Never EVER force feed or force liquid. They can aspirate/choke. Water can get into their lungs and cause a secondary infection. Forcing liquid can also make them vomit even more it also dehydrates them further by vomiting more.
4. Be DILIGENT
You MUST follow the suggested dosing times for your dog to pull through parvo. There is no exception, if your dog is in the middle of parvo you must be there to dose EVERY HOUR ON THE HOUR. Even through the night.
This is the second most common thing I see people fail at. They say they do “everything” but I ask them, are you dosing at night? Enemas through the night? Usually they say no, they are sleeping. More than likely your dog will not survive if you aren’t diligent on learning the symptoms, dosing and preventing dehydration.
Visit the page on Treating Parvo for dosing quantities/times.
5. MONITOR TEMPERATURE
Take frequent temp readings. Less than 99 degrees is cause for concern. Regular dogs temp is 101. Usually with parvo, they run hot. You may have to keep them cool will cool rags or towels. However, if they start to take a turn for the worse, if their body starts to shut down, their temp usually goes down too. You will have to keep them warm in this case for their organs to function properly.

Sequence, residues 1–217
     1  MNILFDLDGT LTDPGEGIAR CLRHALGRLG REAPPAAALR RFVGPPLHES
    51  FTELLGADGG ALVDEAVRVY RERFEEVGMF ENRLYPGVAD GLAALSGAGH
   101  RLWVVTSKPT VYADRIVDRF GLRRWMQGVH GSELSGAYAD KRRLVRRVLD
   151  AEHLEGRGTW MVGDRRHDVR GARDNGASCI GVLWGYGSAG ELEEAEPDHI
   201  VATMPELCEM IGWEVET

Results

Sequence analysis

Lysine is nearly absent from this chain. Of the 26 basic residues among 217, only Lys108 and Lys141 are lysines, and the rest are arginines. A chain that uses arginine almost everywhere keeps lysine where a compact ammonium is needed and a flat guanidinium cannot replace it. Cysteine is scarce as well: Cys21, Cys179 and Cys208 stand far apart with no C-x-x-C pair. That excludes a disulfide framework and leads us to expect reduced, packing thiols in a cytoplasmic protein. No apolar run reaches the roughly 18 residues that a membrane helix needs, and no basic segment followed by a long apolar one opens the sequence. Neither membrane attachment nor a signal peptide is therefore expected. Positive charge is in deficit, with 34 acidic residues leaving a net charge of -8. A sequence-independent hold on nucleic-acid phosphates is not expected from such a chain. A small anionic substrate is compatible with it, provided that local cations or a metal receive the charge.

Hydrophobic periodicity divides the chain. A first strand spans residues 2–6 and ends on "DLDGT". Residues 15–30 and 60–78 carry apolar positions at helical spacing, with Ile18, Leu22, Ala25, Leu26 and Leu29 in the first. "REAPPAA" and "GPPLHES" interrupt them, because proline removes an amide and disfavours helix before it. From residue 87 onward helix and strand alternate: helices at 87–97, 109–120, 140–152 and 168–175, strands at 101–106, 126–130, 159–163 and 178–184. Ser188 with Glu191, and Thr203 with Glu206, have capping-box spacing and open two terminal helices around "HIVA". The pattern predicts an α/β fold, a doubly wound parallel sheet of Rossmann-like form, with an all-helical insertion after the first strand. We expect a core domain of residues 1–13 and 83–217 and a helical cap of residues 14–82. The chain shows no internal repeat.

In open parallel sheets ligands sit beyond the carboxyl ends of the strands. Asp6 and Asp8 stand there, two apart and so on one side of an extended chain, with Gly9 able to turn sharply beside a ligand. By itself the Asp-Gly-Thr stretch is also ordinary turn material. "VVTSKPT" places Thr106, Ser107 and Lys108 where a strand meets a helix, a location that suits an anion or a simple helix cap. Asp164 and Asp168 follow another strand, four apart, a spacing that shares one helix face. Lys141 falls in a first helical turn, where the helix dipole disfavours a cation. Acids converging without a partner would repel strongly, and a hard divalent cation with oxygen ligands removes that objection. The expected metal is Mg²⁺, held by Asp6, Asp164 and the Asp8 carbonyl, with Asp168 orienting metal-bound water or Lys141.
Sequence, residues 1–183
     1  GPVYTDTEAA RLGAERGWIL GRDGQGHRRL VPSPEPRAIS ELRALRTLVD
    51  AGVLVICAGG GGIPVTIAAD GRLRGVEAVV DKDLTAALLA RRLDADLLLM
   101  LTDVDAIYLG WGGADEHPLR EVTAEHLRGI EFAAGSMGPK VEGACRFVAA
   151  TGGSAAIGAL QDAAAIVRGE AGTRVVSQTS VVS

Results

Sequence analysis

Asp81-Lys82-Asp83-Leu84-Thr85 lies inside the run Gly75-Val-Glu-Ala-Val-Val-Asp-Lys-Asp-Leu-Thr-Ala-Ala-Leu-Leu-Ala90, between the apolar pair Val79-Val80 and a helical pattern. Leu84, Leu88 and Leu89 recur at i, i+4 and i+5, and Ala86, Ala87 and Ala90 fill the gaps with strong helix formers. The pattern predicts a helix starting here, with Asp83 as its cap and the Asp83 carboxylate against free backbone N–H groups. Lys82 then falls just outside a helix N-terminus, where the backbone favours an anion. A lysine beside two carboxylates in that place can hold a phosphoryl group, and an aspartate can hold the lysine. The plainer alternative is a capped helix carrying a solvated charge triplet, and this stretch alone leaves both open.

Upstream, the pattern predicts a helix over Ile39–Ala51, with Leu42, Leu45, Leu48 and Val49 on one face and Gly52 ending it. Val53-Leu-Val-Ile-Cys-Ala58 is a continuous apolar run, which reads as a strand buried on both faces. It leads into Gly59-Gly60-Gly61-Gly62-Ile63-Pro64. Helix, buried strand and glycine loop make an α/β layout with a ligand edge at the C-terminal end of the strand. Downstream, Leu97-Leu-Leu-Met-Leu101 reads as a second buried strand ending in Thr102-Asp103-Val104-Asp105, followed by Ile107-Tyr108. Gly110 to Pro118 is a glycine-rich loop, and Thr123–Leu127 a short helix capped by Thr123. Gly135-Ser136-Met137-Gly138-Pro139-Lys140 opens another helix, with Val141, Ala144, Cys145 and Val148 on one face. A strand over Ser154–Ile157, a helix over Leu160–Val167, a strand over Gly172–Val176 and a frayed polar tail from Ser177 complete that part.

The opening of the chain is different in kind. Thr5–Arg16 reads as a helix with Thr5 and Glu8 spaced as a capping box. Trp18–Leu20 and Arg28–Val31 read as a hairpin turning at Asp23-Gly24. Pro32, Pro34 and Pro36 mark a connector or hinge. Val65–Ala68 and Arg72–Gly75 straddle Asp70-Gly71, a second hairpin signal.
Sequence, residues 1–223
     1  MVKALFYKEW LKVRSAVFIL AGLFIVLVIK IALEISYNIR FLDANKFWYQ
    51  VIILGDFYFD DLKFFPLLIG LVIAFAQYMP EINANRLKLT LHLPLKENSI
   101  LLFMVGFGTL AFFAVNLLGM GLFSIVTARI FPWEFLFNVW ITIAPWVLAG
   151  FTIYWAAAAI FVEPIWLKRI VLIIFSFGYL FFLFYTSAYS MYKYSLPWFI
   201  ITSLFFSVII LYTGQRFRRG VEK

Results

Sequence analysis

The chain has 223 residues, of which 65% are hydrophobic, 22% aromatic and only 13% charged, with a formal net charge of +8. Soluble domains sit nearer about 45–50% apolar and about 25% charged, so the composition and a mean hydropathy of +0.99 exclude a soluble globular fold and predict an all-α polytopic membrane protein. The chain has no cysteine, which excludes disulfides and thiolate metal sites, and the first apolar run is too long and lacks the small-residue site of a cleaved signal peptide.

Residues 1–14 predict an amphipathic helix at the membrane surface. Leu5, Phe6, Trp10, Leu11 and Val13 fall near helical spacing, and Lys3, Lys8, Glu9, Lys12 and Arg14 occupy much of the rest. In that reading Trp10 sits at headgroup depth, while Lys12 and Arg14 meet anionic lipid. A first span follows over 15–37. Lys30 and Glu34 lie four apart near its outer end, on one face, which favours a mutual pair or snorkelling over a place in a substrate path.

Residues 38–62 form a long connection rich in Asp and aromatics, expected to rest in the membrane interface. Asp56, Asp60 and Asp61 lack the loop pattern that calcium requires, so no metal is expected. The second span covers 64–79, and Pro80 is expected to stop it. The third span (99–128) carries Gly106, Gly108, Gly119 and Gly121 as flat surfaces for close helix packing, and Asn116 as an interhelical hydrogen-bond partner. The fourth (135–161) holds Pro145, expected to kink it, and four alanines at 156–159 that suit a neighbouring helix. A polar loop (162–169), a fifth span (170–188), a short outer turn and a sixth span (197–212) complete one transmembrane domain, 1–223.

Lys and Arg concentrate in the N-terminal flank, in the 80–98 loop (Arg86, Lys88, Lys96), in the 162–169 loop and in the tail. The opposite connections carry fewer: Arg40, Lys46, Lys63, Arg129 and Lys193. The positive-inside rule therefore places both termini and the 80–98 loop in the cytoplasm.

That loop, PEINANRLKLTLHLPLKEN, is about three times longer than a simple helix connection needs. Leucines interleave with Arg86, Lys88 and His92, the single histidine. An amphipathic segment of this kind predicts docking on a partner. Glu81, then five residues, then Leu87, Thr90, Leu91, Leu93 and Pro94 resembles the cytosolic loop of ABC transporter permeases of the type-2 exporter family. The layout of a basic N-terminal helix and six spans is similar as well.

It’s good to know your dogs regular heartbeat and what it feels like. Keep an eye on heart beat during parvo if you already have a sense of what your dogs regular heartbeat is like. A really fast and rapid heartbeat indicates liver or organ failure. In this case it is a good idea to take your dog to the emergency vet. A slow heartbeat means they are shutting down this is usually in junction with a low temperature. Warm them up with warm rags. It must be a “wet” heat, not a dry heat like a heat lamp. The rags will need to be warmed up constantly.
How to take your dogs temperature:
Take your digital thermometer and put a plastic thermometer cover on it. Lube the first inch with vaseline. Lift tail and insert into rectum about 1″ (small dog) or 2″ (large dog) wait 1-2 minutes. 99-102 normal range. Under 99 is concerning as well as anything above 103.
Its a full time job, I’m not going to lie. You or someone else MUST have 24 hour access to your dog. Choosing to treat your dog at home can be a living hell. It is excruciating if you are living alone/have no one to help. But I will take that over my beloved dog sitting in some stainless steel cage all alone and cold.
Keep positive, your dog can feel it. They can sense positivity or negativity and feeling like “he’s not going to make it” or ” what’s the use” is something they pick up on. It may not be the only reason they pull through or not, but it definitely helps to send those positive vibes over to them.
As hard as it is DO NOT CRY in front of them. DO NOT hold them and cry. It really does scare them, they feel your sorrow and become afraid themselves.
If all of the above is fulfilled, there really is a huge chance your dog will pull through and make it. However, everything must be followed to the T or the rates of success fall considerably.
Best Wishes to all of you fighting for your puppies and dogs. :)
Disclaimer: I am not a veterinarian. Nothing on my blog is designed to be used in place of vet care. I am not responsible for any damages incurred on dogs by methods used improperly. Please exercise great caution when treating your dog at home.